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Chronic rhinosinusitis (CRS) is a heterogenous airways disease characterised by inflammation of the upper airways and sinuses that persists for at least 12 weeks. CRS is frequently divided into two endotypes based on the presence or absence of nasal polyps (NPs): CRS with NPs (CRSwNP) and CRS without NPs (CRSsNP). Inflammatory patterns in the two groups are different and studies indicate that CRSsNP is dominated by a type 1 inflammatory profile associated with increased interferon (INF)-γ and tumour necrosis factor (TGF)-β expression and neutrophilic inflammation.1 By comparison, type 2 inflammatory responses characterised by interleukin (IL) 4, IL-5, IL-13 cytokine expression and eosinophilic inflammation are features of CRSwNP.1 This categorisation may, however, be oversimplified as recent studies show that this may be subject to racial and regional differences.2 ,3 While the majority of Caucasian patients sampled in the USA and Europe have a pronounced infiltration of eosinophils and expression of IL-5 in the NPs, patients with CRSwNP in East Asian countries including Japan, Korea and China, exhibit a mixed inflammatory profile. About half the Asian patients with CRSwNP exhibit an eosinophilic chronic rhinosinusitis (ECRS) while the rest have a non-eosinophilic more neutrophilic or mixed inflammatory chronic rhinosinusitis (non-ECRS) characterised by type 1 dominant inflammation. Although a number of hypotheses have been proposed regarding the pathogenesis of CRSwNP, the precise molecular mechanisms remain unclear and likely lie beyond rudimentary clinical classifications of CRS. An emphasis on defining CRS endotypes based on distinct functional or pathobiological mechanisms of disease may be more effective at identifying patient groups that would respond to therapeutic interventions targeting specific proinflammatory mediators or infectious agents that trigger the disease pathology.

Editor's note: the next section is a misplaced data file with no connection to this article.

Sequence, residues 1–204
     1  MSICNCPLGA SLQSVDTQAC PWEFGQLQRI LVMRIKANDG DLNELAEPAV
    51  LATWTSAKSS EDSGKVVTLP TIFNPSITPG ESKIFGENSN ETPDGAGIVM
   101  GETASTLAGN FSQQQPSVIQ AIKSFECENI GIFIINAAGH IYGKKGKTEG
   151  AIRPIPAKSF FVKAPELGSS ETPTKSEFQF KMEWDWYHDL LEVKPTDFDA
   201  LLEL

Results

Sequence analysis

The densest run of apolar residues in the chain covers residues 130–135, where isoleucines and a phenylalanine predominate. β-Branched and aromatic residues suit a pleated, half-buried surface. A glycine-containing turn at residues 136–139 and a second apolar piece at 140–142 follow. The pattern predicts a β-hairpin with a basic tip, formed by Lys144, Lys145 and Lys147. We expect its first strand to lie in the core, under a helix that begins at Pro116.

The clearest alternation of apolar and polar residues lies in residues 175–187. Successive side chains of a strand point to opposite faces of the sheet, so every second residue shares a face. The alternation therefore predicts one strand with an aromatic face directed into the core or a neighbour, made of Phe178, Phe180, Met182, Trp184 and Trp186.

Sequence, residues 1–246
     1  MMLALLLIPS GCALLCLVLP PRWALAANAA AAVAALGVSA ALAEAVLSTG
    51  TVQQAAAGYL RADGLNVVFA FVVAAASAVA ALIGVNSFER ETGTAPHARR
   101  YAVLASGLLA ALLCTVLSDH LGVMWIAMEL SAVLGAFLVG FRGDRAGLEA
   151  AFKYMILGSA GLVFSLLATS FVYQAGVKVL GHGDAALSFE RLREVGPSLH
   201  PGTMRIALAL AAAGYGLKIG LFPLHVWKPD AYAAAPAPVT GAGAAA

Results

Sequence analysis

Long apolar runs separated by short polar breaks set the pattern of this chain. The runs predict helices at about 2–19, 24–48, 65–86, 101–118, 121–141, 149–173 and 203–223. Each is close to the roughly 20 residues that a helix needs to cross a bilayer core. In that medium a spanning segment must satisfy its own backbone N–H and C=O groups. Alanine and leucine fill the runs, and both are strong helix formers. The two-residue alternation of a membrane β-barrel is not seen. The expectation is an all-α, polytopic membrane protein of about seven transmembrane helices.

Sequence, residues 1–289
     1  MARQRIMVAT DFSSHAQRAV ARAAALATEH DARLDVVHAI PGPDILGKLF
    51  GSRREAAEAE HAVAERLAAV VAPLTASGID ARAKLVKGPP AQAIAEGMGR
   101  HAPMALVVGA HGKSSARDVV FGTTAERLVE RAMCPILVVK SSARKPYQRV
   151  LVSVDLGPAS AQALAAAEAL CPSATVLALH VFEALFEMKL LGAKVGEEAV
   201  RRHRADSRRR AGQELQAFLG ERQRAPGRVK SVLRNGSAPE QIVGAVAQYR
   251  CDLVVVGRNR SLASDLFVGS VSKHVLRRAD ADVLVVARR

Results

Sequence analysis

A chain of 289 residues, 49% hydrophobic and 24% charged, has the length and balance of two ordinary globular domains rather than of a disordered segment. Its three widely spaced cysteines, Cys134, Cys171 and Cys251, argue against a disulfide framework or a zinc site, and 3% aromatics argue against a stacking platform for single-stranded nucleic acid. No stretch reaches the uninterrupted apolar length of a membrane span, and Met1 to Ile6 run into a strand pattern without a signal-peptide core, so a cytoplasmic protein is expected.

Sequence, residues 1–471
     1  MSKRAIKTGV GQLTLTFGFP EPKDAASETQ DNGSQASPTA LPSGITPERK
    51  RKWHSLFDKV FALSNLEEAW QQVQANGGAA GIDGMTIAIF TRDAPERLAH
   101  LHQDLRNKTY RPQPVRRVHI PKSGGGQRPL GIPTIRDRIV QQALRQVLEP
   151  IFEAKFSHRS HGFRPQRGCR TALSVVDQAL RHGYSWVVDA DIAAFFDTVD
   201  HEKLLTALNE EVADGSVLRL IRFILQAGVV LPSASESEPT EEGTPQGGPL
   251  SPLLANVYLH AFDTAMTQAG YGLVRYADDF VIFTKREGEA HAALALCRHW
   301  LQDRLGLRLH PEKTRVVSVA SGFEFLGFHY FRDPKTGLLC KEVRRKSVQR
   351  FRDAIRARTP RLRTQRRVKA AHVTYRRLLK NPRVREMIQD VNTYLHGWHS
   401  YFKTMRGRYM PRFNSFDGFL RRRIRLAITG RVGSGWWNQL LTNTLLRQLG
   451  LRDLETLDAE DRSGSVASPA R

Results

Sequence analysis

The inflammatory profile of CRSsNP is largely type 1, although there are discrepancies over which isoforms of TGF-β are increased per se and in what …
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